Precious Metals Boiler Rooms:
Historically, “Boiler Rooms” were associated with securities and commodity futures trading. Generally, a “boiler room” is defined as a place where high-pressure salespeople use banks of telephones to “cold” call lists of potential investors (known in the trade as sucker lists) in order to peddle speculative, even fraudulent investments. Generally, as part of the sales pitch, the caller initially relies on sales scripts based upon false and misleading information. If that does not work, it is not uncommon for the sales person to just make facts up with no knowledge as to whether what is being said is in fact true.
This post is being provided for education purposes only. It is not designed to be complete in all material respects. Thus, you should not rely upon this post as providing legal or investment advice. If you have any questions, you should contact a qualified professional.
For the most part, regulators have been able to shut down most securities and commodity futures boiler rooms. However, infrequently, you will read about another boiler room being shut down leaving in its wake a path of financial destruction for those individuals that were sucked in.
Recently, boiler rooms have made a come back in the precious metals area, especially by firms offering or pushing the use of leverage. Many of these firms were and are located in South Florida. Consequently, this post will focus on what is transpiring in the South Florida area.
In Florida, there are generally no licensing requirements that these firms currently have to satisfy to act as an introducing broker or a clearing/counter-party firm other than obtaining a telemarketing license from the Florida Department of Agriculture, if the firm is involved in telemarketing activities. Each precious metals firm and its telemarketers are supposed to file an application and obtain a license, from the state, whether the cold calls are to be made within or without of the state.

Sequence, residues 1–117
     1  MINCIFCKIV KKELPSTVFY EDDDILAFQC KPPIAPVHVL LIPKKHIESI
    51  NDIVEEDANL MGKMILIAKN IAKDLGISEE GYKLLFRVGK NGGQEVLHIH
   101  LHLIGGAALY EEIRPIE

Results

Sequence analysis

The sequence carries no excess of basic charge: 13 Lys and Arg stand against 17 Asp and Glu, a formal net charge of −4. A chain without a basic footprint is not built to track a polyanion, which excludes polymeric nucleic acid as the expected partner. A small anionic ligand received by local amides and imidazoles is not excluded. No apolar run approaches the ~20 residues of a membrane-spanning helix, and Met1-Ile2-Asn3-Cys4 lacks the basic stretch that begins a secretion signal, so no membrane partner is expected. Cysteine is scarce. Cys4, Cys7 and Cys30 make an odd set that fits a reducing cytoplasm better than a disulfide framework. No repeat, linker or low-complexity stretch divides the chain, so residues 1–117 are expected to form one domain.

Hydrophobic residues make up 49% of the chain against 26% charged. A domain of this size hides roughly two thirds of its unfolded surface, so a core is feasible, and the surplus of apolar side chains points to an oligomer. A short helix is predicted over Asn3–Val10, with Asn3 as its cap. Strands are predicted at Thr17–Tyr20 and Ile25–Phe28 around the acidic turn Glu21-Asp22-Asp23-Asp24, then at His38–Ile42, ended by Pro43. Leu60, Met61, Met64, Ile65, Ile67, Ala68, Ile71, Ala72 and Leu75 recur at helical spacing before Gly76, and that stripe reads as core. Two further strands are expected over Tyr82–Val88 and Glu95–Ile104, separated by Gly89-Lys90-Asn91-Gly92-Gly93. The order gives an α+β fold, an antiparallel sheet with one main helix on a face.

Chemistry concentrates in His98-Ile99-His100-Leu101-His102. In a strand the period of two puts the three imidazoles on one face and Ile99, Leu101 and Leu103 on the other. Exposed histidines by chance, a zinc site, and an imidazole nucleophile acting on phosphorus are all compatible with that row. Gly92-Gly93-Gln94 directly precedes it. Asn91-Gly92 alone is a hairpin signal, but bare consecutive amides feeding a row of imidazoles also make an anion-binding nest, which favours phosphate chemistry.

These applications will provide you with some basic information about the firms and their telemarketers and, if scripts are to be used in the calls, you can request a copy of the scripts. However, our experience has demonstrated that many times all of the scripts that are actually used are not filed with the state. For example, we just came across a situation where there was an objection book prepared and distributed to all of the brokers, which contained a rebuttal script for any major objection that a proposed customer came up with. The applications, licenses and scripts can be obtained from the Florida Department of Agriculture through a Freedom of Information Act request, which can be made on line.
In subsequent post relating to precious metals, we will provide you with information concerning how many of these companies actually work both pre and post Dodd Frank.